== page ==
Blackwood Crossing Review

Richard Walker

It all starts innocently enough with a simple game of Simon Says aboard a lovely train, and then it all goes a little bit mental. Blackwood Crossing is one of those games where you're never quite sure of what's real and what isn't, as you assume the role of teenage girl Scarlett, in a strange and compelling odyssey that's intriguing, engaging and emotionally affecting.

A first-person adventure, Blackwood Crossing has you chasing your younger brother Finn, with whom you share a tragic past. It soon becomes abundantly clear that as Scarlett comes of age, she's growing increasingly distant from her younger brother, and it's this drifting apart that serves as the game's central narrative theme. Granted, Finn can often be unbelievably irritating, but still...

As such, the relationship between the siblings is explored throughout Blackwood Crossing, and as you progress through the story, you'll soon bring to light certain truths, while acquiring strange, supernatural powers like the ability to manipulate fire or pull away dark umbral energy. Is Blackwood Crossing some sort of unusual dreamscape or something deeper and more intangible?

These questions are but the tip of the iceberg, with the completion of simplistic puzzles that involve matching dialogues exchanged between characters to gradually piece together the narrative, one sequence at a time. The connection shared by Scarlett and Finn is tender and nostalgic as you slowly uncover events, delivered with a deft touch that might transport you back to your own childhood, to a simpler time.

Blackwood Crossing will especially resonate if you have siblings, its tale of love, loss and coming of age a remarkably moving one. PaperSeven's game is a wonderfully moving and memorable experience, even if its interactions are a bit woolly. Scarlett's movement speed is incredibly slow too, so if you get something wrong, it's a long slog back and forth to find the correct solution.

Still, if you liked the slow burn of Dear Esther, Blackwood Crossing's unhurried walking pace is unlikely to bother you all that much; and indeed the game's thoughtful storyline and themes lend itself to a more considered pace. It wouldn't seem right if you were running all over the place. Besides, what's important is the narrative itself, so while the game's few puzzles don't really tax the grey matter at all, the story hits all of the right notes, right up until its gut punch of an ending.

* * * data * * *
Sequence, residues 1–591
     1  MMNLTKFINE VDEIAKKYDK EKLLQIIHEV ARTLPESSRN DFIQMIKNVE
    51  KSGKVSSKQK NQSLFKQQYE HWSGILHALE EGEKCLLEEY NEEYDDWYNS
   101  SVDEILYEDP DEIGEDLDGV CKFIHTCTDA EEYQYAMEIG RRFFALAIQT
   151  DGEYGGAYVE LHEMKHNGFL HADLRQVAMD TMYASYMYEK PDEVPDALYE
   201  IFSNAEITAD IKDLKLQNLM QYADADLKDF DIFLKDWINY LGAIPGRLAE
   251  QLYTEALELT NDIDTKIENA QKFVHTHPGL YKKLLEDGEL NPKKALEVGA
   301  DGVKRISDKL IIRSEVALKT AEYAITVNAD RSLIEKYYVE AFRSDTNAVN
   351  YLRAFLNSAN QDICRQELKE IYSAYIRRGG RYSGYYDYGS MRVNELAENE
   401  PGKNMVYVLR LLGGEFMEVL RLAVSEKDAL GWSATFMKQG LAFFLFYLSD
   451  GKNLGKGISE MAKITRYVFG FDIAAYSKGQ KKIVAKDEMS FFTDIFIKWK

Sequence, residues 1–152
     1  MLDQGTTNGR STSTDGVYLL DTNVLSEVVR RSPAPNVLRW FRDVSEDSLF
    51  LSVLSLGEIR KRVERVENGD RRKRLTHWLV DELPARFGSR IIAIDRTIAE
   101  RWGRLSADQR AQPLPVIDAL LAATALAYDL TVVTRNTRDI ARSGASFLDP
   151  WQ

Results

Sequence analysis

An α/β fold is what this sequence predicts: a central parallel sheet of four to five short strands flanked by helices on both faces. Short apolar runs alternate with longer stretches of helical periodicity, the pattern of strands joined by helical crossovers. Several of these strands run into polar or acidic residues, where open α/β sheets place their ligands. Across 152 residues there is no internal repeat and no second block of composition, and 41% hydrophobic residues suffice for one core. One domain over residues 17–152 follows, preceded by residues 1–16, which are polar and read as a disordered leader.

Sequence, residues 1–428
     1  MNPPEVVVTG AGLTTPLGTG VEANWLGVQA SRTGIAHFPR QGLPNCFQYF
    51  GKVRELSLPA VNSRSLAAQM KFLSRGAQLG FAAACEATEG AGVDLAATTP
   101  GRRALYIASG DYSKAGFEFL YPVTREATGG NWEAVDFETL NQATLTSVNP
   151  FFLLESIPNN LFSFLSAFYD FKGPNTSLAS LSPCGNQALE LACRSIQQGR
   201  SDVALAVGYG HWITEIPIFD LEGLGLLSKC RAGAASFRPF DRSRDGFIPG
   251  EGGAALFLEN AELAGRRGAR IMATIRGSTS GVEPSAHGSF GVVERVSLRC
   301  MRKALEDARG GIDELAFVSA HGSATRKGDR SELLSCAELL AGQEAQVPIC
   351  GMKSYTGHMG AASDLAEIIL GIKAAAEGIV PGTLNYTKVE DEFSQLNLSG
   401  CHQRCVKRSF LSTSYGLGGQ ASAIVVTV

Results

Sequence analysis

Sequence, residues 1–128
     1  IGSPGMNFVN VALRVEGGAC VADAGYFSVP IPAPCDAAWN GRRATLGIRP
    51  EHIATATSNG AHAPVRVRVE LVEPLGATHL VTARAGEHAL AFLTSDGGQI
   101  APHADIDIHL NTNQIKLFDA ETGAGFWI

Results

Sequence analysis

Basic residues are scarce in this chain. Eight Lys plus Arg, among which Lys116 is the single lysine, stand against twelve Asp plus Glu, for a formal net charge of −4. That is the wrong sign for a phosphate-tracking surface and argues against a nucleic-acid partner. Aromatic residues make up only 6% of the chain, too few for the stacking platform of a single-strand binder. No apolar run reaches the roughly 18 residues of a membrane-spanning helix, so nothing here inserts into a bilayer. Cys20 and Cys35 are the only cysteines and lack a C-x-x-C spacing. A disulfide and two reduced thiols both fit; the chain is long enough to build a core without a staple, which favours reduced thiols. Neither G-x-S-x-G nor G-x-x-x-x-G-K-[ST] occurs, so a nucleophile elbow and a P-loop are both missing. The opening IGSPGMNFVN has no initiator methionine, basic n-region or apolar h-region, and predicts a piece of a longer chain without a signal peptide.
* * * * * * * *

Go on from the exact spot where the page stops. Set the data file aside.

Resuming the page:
The game's achievements tap into the numerous hidden secrets you can uncover in Blackwood Crossing, from the clever film posters to the threadbare stuffed white rabbit toys peppered throughout the story. It's a straightforward and simple set of tasks to complete, most of which reward progression and interacting with certain objects. Easy.

Often surreal and inventive, Blackwood Crossing deals with some delicate themes alongside its light puzzling and exploration, while referencing popular movies and reflecting on family relationships. Affecting and memorable, it's something that will stay with you long after the credits have rolled, with its striking imagery and bold, beautiful art style painting a strange, eerie and incredibly pretty dreamlike world that will stoke up warm halcyon memories in your brain.

Blackwood Crossing

Blackwood Crossing might be short but sweet, yet it's clearly an experience that's been made as a labour of love, and as such, it has a magical, almost ethereal quality that's impossible to forget.

Form widget

Lovely music and decent voice acting support Blackwood Crossing's fuzzy, nostalgic atmosphere. Finn's an annoying, whiny little git, though.


Bold, lovingly rendered and colourful, Blackwood Crossing is a remarkably attractive indie game.


Walk around, explore, solve some simplistic puzzles, interact with mysterious masked characters. Ostensibly, there's not much to do here, but it's presented impeccably. Interactions are a bit woolly though; you have to be precise for prompts to appear.


All too brief but impactful nevertheless, Blackwood Crossing has evidently had a lot of care and attention lavished upon it. It's lovely.


A lot of secrets to interact with and collectibles to find, you might need to two playthroughs to get the full 1000G. This is a decent, though very easy, list.

Game navigation